Audit Bureau of Circulation: First half of '02 brings good news, bad news

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There's good news and bad news for magazines in the circulation numbers for the first half of 2002. But, according to a top industry circulation analyst, the bad outweighs the good.

Of U.S. magazines that reported circulation in the Audit Bureau of Circulation's Fas-Fax, 43% posted declines in their subscriptions, said Dan Capell, editor of the newsletter Capell's Circulation Report-"the worst showing" in five years, he said. This comes just as newsstand sales, which have been a bete noire for publishers in recent years, posted one of the better recent performances, with 40% of magazines posting increases.

But subscription sales account for a greater chunk of circulation, Mr. Capell said, and subscriptions had long hedged newsstand shortfalls. "Generally speaking over the last decade [magazines have] offset" newsstand losses with subscription gains, Mr. Capell said. "Now, it's not going to be true." He attributed the poor showing for subscriptions to the sharp fall-off in cheap subscriptions from sources like American Family Publishers and Publishers Clearing House, upon which the industry once feasted.

Bad news came from Reader's Digest, Movieline, Primedia's Soap Opera Weekly and Bauer Publishing's Twist and now-defunct Soap Opera Update, all of which missed rate bases.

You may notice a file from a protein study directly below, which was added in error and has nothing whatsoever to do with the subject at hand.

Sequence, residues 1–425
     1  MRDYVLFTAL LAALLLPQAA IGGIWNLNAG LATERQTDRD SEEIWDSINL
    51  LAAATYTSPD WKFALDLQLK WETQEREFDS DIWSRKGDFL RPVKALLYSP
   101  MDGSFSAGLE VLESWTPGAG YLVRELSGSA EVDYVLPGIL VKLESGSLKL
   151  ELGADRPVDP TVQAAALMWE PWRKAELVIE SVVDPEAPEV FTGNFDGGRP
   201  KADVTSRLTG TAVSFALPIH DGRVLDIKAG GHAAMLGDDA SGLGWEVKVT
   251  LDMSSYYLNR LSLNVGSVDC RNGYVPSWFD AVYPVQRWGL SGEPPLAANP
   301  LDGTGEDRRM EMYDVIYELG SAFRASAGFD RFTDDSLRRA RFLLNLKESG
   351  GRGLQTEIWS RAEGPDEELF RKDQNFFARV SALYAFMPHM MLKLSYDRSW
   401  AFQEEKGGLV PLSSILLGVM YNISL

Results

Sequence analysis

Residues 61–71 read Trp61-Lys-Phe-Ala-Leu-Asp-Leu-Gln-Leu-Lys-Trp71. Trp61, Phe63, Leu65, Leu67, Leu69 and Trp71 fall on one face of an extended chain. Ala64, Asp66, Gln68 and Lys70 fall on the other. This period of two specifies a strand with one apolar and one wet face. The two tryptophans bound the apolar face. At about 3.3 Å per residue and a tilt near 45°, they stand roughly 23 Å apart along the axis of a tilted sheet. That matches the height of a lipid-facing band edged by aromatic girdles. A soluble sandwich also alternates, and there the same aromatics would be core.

Former newsstand superstar O, The Oprah Magazine sagged significantly, with single-copy sales down 29.3% and overall numbers falling 17.3% to 2.3 million.

Ongoing industry-wide strains aside, the first six months of the year were quite good to some magazines' circulation. The big winner was Sunrise Publications' Game Informer Magazine, which, reflecting the heat of the gaming category, saw circulation more than double to 669,965. Other winners, as they have been of late, were headed up by next-generation takes on Maxim and Martha Stewart Living.

Real Simple, the Time Inc. title that suffered through a notoriously bumpy launch in 2000, saw single-copy sales skyrocket 40.7% to 320,665 and overall circulation rise 33.6% to 1.1 million. Real Simple's polar opposites, laddie books FHM and Dennis Publishing's Stuff, both saw single-digit single-copy sales growth-which most publishers could live with, given both titles move nearly half a million on newsstand each month-but FHM's total circulation rose 28.6% to 1.1 million and Stuff's was up 19.9% to 1.2 million.

Highbrow gains

Bonnie Fuller's arrival as editor in March at Us Weekly paid off handsomely for the Wenner Media-Walt Disney Co. venture, with single-copy sales shooting up 30.1% to 405,662 and total circulation rising 16% to 1.1 million. Hearst Magazines' Cosmopolitan saw single-copy sales shoot up 11.5% to break the 2 million mark; the overall number rose 12.1% to 3 million.

Some highbrow titles saw gains. The Atlantic Monthly, remade under new Editor Michael Kelly, saw single-copy sales rise 47%, although a weak subscription showing meant its total number fell 16% to 502,113. While Hearst's Esquire continues to struggle on the ad front, with pages down 17.3% through July, single-copy sales rose 11.5% and total circulation rose 7.2% to 720,894. Conde Nast Publications' The New Yorker's single-copy sales were up 18.8% as overall circulation rose 7.8% to 924,745.

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